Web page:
The Amsterdam Metro system currently has four lines in service that can quickly take you to the distant suburban areas of the city (see the metro map). Three of the Amsterdam metro lines begin their journeys from Central Station. Some of the metro stations (e.g. Amstel Station and Sloterdijk) share their platforms with regular trains, which make them convenient points for travelling out of Amsterdam.
Cycling in Amsterdam
Bicycling in Amsterdam is a way of life for most Dutch people and is the best choice of Amsterdam transport. Some would say that the only way to truly experience Amsterdam is by bike. There are dedicated bicycle paths throughout the city and very few hills to conquer. A number of companies offer Amsterdam bicycle rentals for around €8 per day, with discounts for longer rentals.
Taxi stands are available at most tourist hubs including Leidseplein, Dam Square and Central Station. Although more expensive, it serves as convenient Amsterdam transport. Hailing a taxi can be difficult, especially on weekends, but cab service is generally prompt if you call ahead. You can reach the city cab line on 0900 677 7777. Rides cost €1.80 per kilometre regardless of the time of day, with an optional 5% - 10% tip.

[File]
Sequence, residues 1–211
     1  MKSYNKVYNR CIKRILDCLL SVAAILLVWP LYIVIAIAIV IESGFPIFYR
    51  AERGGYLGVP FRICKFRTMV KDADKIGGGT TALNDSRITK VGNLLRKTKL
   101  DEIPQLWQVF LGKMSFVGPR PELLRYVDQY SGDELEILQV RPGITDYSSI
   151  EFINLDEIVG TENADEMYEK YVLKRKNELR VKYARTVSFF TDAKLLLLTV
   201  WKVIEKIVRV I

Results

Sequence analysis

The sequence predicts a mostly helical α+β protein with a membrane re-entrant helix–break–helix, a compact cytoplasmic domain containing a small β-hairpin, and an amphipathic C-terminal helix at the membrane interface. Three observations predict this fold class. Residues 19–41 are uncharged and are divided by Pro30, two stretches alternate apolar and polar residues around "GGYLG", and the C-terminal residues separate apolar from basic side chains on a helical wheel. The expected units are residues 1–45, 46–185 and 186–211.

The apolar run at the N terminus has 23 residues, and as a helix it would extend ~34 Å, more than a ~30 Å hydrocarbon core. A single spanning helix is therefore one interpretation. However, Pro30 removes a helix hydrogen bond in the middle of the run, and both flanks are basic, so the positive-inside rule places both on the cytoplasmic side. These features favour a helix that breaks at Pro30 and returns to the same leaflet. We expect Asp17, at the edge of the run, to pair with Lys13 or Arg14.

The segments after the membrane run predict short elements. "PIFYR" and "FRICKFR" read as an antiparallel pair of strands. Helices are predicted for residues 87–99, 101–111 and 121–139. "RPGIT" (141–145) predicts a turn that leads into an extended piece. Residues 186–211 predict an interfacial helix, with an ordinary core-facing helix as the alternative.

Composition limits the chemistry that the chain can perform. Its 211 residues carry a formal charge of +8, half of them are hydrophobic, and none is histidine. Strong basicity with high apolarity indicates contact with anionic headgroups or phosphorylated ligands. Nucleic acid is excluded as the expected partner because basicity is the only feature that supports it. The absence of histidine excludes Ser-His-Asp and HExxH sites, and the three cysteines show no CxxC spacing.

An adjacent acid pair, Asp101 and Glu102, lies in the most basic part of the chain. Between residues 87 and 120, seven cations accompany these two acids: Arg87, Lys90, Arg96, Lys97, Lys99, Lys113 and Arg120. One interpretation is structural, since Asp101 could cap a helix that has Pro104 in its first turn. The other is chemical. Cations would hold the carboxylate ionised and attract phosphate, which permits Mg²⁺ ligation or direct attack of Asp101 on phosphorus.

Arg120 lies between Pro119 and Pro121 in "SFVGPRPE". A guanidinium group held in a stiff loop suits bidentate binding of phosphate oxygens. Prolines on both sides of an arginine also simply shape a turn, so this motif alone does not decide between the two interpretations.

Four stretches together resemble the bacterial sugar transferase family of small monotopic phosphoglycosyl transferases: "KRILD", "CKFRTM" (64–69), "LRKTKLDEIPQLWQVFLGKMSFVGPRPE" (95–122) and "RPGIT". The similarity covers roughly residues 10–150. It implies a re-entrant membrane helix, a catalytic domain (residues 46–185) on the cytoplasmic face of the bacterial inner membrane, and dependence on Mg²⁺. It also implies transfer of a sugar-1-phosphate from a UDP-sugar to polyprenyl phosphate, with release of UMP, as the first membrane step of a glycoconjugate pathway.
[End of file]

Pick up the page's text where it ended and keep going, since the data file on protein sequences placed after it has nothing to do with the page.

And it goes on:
For an alternative Dutch taxi, catch one of the many bicycle taxis around the city. The pedal-powered taxis can carry up to two people and are more environmentally friendly and cheaper than conventional taxis.
Rent a car in Amsterdam
Although driving in Amsterdam is not recommended, Amsterdam car rental services are readily available at Schiphol Airport and in the city centre along Overtoom Straat, near Vondelpark. All major agencies are represented including Avis, Budget, Europcar, Hertz, National and Alamo. Driving and parking in the city can be very difficult, but may be worth the hassle for those who have chosen to travel through the Netherlands by car. We have compiled a list of Amsterdam car parks.
Amsterdam travel tips
- Head to the Amsterdam tourist office and buy a one, two or three-day Amsterdam Card (Amsterdam Pass) for unlimited travel on all public transport and free entry to most Amsterdam museums and Amsterdam attractions.
- Organised groups of travellers between 10 and 25 people can take advantage of a group Amsterdam transport ticket.
- Avoid purchasing one-hour tickets and instead buy a multi-day ticket for the duration of your stay.
- Plan your trip on public transport at 9292.nl/en and find out details such as transfers, stops and platforms to avoid getting lost.
- Rent a bicycle and explore Amsterdam like a true Dutchie!